How to Set Up Storage Spaces in Windows 8.1
Even though you can set up Storage Spaces in Windows 8.1 with just two hard drives — your C: system drive, plus one data drive.— you don’t get much benefit out of it until you move up to three drives: internal, external, eternal, infernal, whatever.
For this exercise, those two hard drives should have absolutely nothing on them that you want to keep. Because they will get blasted. Guaranteed.
Ready to set up a Space? Here’s how:
Hook up your drives and then go into File Explorer and verify that Windows has identified three drives.
Here, there are three drives. The C: drive has the Windows system on it; C:’s the boot drive. The other two have miscellaneous junk that you don’t want to keep.
Bring up the Control Panel (right-click the lower-left corner of the screen and choose Control Panel); tap or click System and Security, and then tap or click Storage Spaces.
Equivalently, you can go to the Metro Start screen, type storage spaces, and look under Settings.
If you choose either Storage Spaces or Manage Storage Spaces, you see the Storage Spaces dialog box.
Tap or click the Create a New Pool and Storage Space link.
You have to create a storage pool first — that is, assign physical hard drives to Windows available pool of hard drives. Windows offers to create a storage pool.
Select the check boxes next to the drives that you want to include in the storage pool.
Note that if you accidentally select a drive that contains useful data, your data’s going to disappear. Irretrievably.
You can’t use Recuva or some other disk scanning tool to bring back your data. After the drive’s absorbed into the storage pool borg, it’s gone.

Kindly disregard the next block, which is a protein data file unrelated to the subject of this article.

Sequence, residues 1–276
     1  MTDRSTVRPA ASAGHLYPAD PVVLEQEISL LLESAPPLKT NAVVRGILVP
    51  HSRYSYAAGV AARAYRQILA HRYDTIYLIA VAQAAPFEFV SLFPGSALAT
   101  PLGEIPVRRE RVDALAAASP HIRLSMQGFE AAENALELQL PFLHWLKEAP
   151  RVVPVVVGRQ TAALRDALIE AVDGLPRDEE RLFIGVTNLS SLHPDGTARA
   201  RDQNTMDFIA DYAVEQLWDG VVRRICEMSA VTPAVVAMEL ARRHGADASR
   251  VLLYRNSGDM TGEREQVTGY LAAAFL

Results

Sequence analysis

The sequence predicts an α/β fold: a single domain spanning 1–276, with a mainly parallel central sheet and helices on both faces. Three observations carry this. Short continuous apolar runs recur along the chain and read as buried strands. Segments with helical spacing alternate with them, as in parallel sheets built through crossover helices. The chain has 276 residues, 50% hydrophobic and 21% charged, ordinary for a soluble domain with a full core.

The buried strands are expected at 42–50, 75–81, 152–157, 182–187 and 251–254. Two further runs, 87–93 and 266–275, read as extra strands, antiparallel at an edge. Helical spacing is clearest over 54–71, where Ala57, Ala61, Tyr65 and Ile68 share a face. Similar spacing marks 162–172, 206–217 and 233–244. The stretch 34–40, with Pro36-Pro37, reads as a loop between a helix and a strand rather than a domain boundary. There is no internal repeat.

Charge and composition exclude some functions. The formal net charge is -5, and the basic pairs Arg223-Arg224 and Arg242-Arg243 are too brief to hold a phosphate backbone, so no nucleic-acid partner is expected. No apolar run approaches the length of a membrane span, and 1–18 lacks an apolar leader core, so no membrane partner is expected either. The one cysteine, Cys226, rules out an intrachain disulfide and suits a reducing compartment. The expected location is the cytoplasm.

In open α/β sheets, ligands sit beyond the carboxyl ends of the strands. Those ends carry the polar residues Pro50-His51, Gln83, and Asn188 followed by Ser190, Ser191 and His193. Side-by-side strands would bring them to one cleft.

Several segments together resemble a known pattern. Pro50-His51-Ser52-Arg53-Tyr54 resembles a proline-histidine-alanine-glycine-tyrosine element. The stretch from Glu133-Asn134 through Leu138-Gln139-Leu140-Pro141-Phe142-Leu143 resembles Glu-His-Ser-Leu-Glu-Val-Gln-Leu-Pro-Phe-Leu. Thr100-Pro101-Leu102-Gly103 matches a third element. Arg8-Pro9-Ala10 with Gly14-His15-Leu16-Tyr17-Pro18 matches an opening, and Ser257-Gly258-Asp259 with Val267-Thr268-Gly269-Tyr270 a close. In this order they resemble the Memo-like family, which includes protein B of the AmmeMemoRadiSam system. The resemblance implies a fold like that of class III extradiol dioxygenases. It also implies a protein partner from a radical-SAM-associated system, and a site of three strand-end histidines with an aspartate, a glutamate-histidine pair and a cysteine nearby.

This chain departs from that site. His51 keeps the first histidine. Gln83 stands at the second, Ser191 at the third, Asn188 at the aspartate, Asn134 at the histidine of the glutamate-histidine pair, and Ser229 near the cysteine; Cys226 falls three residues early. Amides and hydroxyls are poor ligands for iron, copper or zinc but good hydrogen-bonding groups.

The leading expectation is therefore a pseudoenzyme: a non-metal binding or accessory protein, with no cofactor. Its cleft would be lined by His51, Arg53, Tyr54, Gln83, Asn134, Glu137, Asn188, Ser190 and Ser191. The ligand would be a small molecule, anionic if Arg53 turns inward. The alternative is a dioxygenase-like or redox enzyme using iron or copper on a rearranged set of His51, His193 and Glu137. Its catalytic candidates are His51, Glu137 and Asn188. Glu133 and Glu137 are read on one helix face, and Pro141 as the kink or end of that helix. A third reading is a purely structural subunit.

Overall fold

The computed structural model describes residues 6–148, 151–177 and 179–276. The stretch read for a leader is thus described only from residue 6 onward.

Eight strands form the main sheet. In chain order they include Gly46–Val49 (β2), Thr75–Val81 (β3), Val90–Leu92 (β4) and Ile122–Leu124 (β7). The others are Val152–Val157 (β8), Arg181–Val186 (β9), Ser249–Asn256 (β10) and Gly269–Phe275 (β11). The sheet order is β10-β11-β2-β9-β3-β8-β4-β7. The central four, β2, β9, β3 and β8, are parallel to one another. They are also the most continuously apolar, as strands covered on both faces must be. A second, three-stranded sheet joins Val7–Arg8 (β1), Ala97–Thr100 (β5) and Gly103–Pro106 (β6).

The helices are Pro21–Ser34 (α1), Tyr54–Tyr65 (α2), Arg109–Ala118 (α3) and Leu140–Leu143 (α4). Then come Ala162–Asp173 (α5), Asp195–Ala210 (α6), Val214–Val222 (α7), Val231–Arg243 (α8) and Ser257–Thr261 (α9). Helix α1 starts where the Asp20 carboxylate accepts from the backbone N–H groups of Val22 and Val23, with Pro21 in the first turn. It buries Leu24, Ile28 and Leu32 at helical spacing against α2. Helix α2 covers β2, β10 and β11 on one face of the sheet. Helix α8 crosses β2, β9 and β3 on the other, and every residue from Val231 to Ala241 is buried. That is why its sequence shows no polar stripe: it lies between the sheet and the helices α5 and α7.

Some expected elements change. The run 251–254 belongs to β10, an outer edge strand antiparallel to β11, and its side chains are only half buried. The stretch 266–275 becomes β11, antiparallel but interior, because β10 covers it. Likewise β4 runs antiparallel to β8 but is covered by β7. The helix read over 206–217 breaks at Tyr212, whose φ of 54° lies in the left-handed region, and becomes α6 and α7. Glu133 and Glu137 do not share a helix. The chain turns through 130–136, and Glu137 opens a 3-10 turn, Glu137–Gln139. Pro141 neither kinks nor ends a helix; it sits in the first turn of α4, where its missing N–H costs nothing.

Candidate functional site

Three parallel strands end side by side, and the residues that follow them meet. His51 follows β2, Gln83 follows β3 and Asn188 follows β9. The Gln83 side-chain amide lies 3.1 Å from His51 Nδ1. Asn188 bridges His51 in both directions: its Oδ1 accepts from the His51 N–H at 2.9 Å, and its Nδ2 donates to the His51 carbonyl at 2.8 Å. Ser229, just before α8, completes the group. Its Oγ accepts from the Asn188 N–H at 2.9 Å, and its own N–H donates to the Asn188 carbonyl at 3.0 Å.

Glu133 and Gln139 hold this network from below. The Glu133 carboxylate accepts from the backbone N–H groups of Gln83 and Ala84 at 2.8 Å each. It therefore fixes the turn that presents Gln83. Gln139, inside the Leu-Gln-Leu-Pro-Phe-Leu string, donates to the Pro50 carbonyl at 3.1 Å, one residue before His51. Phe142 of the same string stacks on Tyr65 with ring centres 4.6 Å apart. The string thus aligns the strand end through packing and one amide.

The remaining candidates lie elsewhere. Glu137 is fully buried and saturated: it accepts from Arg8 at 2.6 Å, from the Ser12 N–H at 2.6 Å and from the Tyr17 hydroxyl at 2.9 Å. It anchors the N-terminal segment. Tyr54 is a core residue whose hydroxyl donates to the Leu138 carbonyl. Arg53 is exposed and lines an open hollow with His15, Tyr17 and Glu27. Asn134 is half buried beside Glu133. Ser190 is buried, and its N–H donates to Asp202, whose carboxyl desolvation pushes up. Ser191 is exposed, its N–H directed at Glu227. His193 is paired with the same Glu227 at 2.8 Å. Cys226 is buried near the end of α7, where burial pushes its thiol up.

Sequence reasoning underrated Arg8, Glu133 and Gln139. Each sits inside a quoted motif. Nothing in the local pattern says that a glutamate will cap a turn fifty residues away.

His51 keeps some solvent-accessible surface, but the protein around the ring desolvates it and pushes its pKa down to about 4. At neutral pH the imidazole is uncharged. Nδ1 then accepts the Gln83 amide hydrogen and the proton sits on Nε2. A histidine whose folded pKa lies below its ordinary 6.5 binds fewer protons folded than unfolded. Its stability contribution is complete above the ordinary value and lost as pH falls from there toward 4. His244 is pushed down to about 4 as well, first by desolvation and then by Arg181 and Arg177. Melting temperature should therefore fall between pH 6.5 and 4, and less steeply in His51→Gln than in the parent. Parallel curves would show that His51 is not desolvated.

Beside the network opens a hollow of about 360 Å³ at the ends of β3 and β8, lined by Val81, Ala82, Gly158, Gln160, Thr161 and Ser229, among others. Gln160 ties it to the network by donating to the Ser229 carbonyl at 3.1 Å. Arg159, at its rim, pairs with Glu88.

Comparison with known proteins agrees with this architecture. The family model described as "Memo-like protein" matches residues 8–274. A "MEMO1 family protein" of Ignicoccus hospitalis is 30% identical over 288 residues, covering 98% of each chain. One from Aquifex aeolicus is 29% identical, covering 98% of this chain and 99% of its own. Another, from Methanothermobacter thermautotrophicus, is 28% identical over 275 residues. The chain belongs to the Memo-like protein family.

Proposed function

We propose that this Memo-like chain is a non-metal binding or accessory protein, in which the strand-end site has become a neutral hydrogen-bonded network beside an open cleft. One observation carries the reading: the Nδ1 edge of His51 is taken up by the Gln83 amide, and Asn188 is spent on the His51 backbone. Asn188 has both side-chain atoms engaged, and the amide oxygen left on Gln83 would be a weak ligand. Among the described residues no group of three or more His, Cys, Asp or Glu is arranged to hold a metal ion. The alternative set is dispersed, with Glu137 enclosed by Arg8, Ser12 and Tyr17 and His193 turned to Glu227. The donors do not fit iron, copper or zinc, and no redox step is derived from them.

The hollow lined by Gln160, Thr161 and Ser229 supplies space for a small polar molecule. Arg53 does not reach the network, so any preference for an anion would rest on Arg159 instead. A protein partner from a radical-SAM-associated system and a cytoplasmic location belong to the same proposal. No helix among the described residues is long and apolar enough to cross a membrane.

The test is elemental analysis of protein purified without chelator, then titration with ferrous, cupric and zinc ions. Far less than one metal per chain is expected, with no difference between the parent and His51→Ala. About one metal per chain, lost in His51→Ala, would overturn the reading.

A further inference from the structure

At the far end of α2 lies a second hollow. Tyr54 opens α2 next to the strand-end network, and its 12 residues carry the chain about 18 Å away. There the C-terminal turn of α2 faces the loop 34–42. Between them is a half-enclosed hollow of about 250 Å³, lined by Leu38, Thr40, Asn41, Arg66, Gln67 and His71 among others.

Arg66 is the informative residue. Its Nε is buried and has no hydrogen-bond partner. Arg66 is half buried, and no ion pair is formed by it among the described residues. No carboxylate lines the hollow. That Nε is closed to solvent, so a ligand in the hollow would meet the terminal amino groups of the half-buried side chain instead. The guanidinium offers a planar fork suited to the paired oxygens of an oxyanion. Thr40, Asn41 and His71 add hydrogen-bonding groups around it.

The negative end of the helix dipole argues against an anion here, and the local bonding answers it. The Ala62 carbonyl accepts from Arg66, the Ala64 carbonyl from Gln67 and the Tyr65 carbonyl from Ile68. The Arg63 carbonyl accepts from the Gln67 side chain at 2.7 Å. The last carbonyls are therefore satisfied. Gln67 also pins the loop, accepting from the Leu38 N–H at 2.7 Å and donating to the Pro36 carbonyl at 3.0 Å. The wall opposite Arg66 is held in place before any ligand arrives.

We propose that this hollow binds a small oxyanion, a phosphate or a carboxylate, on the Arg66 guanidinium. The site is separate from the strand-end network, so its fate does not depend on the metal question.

Tap or click Create Pool.
Windows whizzes and wheezes and whirs for a while, and then comes up with the Create a Storage Space dialog box.
Give your Storage Space a name and a drive letter.
You use the name and the letter in the same way that you now use a drive letter and drive name — even though the Storage Space spans two or more hard drives. You can format the Storage Space drive, copy data to or from the drive, and even partition the drive, even though there’s no real, physical drive involved.
Choose a resiliency.
You are given four choices — no mirroring, two-way, three-way, and parity.
Set a logical size for the Storage Space.
The logical size of the Storage Space can greatly exceed the available hard drive space. There’s no downside to having a very large logical size, other than a bit of overhead in some internal tables. Shoot for the moon.
Tap or click Create Storage Space.
Once again, Windows whirs and sets up a freshly formatted Storage Space.
Go back out to File Explorer and verify that you have a new drive which is, in fact, an enormously humongous Storage Space.
If it weren’t for the fact that you just created it, you probably wouldn’t be able to tell that the new Storage Space isn’t a real drive.